BANK of Ireland and AIB are planning to increase credit card rates as it was revealed that financial institutions are cherry-picking their customers.
It was revealed that 60pc of applications are being refused as thousands scramble to change providers.
Over 50,000 Halifax card holders now need to find a new provider by May as the group shuts its operations in Ireland.
But AIB, which received a €3.5bn bailout from taxpayers so far, is expected to hike interest rates in May and Bank of Ireland will follow suit in June.
AIB's Click card rates will jump from 8.5pc to 9.5pc, from 11.5pc on its Platinum to 12.5pc, and from 14.9pc to 15.4pc on its MasterCard.
The rate for purchases on Bank of Ireland's 2in1 card is set to rise from 13.9pc to 14.9pc, and cash withdrawals interest will move from 17.4pc to 23.2pc.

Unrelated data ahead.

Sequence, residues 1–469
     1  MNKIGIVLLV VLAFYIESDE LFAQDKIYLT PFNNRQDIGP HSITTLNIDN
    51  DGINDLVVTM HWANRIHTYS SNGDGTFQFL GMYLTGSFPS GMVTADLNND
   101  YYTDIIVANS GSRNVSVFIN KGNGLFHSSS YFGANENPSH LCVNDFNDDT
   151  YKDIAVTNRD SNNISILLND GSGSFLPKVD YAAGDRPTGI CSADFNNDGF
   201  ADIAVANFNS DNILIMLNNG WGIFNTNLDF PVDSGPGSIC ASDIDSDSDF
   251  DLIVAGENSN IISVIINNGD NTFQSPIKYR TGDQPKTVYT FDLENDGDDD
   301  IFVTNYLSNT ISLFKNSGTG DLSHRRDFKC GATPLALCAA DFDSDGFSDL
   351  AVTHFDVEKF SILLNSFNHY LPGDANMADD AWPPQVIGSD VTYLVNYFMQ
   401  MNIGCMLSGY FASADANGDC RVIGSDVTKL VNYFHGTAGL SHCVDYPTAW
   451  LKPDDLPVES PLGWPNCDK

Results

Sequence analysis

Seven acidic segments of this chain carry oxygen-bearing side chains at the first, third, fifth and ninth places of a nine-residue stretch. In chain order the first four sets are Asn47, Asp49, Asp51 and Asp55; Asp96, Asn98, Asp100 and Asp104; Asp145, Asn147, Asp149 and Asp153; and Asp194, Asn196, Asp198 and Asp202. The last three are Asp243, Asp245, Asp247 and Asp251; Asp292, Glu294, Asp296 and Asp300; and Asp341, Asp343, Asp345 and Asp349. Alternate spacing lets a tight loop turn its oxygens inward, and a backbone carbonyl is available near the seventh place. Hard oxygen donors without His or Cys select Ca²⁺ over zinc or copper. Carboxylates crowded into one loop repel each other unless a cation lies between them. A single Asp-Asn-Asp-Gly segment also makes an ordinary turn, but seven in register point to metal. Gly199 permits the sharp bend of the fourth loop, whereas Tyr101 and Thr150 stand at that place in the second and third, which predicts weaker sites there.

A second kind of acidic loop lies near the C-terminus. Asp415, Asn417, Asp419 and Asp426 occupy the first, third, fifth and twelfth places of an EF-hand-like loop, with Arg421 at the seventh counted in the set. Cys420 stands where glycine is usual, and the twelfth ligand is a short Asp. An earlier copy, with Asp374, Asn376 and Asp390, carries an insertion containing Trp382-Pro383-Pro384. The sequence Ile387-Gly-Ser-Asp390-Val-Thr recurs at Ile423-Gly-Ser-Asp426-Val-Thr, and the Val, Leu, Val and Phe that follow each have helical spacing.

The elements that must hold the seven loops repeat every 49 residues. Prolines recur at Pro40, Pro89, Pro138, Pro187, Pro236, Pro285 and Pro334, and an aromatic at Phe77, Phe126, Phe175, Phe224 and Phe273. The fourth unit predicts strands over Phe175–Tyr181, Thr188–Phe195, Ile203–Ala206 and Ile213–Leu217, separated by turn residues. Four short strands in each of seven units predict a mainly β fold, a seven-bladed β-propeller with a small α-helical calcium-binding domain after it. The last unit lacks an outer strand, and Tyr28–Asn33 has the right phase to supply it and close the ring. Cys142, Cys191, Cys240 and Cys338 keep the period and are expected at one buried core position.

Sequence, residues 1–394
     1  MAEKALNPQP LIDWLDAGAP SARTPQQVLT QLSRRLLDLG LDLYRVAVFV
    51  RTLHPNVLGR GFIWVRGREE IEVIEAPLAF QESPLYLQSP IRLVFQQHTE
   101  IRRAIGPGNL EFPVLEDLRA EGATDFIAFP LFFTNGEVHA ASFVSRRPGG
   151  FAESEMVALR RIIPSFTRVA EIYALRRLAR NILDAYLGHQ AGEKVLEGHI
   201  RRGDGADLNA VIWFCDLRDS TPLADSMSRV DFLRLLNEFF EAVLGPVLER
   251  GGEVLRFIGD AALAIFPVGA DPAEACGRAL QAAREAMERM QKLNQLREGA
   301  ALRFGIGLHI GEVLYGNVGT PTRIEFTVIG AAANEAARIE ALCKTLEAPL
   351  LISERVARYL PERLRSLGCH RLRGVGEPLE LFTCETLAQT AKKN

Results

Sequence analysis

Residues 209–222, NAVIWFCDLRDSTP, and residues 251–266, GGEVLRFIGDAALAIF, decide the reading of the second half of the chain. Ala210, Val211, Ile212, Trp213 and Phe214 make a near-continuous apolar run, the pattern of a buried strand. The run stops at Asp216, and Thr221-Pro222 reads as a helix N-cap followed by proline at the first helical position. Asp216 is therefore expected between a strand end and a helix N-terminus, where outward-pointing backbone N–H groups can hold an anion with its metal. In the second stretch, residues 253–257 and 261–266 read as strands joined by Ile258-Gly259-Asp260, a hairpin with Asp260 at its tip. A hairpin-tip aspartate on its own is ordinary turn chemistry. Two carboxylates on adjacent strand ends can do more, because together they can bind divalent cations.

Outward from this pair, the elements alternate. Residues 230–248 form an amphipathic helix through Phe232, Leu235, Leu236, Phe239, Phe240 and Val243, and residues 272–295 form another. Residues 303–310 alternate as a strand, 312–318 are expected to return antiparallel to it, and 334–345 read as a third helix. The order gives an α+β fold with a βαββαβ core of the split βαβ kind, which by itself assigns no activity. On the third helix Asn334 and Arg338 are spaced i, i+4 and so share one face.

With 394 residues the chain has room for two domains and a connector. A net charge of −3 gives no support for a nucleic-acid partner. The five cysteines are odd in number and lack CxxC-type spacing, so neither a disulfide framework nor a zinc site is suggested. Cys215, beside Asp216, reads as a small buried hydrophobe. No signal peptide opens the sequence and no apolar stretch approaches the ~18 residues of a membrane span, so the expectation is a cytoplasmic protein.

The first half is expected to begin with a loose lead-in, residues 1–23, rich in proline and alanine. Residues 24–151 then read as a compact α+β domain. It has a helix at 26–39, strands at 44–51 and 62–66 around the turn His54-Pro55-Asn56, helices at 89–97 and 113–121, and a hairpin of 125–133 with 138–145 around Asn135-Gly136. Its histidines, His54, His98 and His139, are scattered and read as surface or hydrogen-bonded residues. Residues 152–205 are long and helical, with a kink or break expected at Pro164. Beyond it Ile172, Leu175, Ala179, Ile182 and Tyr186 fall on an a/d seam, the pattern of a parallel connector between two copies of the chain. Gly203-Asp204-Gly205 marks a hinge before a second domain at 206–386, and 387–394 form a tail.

On the Clear card, the purchase rate rises from 9.5pc to 10.9pc, with the rate for withdrawing cash on the card jumping from 19.9pc to 23.2pc.
Other credit cards issued by both banks are not affected.
Separately, Bank of Ireland is planning an increase on interest rates for personal loans, overdrafts and student loans next month.
A spokesman for the Irish Banking Federation said that it was not surprising to see a reduction in credit card applications being approved as it reflected a reduced capacity of people to meet their repayments, due to the downturn.
Meanwhile, prepaid credit card providers said that there has been a huge jump in applications due to the number of rejection rate by mainstream credit card providers. There are no credit checks involved in getting a prepaid card.
Prepaid card issuer 3V representative Kieron Guilfoyle said that there was a 47pc growth in its business last year and more people took out virtual cards instead of physical credit cards.
He said that six out of 10 applications for new credit cards and from those wanting to switch were being turned down.
Earlier it was revealed that AIB will raise mortgage rates by 0.5pc before the summer which will add around €65 a month to repayments on a typical €250,000 home loan over 25 years.